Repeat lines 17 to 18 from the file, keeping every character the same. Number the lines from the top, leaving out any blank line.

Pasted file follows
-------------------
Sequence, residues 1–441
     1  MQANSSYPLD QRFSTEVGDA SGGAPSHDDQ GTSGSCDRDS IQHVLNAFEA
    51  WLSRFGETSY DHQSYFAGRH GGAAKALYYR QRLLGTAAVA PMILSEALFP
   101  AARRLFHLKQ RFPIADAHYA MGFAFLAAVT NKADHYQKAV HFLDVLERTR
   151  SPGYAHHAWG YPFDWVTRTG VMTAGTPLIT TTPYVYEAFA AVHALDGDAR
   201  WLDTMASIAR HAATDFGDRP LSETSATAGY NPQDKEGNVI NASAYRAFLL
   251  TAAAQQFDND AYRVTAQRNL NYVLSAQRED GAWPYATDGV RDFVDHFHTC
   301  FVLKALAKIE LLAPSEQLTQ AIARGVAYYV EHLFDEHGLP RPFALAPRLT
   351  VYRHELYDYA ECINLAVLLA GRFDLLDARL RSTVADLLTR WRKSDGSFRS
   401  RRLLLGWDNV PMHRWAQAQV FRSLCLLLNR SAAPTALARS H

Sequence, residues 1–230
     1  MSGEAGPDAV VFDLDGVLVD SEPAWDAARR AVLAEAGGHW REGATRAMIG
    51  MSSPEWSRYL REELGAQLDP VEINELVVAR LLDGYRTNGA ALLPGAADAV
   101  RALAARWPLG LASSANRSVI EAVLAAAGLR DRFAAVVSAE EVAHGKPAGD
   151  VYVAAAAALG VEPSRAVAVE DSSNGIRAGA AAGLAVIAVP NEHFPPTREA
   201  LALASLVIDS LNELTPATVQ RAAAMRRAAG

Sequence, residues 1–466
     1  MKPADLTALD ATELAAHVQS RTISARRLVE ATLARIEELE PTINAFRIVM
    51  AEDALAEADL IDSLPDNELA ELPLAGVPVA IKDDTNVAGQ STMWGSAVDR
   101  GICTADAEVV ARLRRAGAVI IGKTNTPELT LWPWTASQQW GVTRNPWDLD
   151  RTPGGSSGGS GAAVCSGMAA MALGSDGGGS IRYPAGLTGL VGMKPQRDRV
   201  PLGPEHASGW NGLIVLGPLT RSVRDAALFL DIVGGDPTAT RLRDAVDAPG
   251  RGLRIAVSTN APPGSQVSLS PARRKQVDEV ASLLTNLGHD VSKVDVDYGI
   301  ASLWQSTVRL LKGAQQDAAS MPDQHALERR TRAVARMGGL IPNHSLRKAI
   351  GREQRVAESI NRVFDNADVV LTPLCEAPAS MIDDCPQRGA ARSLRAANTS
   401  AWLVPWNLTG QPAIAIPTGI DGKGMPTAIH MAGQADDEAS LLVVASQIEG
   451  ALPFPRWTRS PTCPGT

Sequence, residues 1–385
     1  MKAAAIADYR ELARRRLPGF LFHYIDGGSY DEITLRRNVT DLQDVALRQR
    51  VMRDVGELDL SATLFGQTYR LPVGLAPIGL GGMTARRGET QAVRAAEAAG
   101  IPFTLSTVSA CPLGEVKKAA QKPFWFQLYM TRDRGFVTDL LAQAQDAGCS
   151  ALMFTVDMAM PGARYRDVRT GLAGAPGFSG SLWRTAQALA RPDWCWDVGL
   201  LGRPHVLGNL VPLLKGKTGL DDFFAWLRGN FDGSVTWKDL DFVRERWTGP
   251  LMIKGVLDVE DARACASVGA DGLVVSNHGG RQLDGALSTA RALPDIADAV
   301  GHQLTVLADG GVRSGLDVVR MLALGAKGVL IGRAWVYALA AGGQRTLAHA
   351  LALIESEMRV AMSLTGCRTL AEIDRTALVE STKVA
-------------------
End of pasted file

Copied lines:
Sequence, residues 1–466
     1  MKPADLTALD ATELAAHVQS RTISARRLVE ATLARIEELE PTINAFRIVM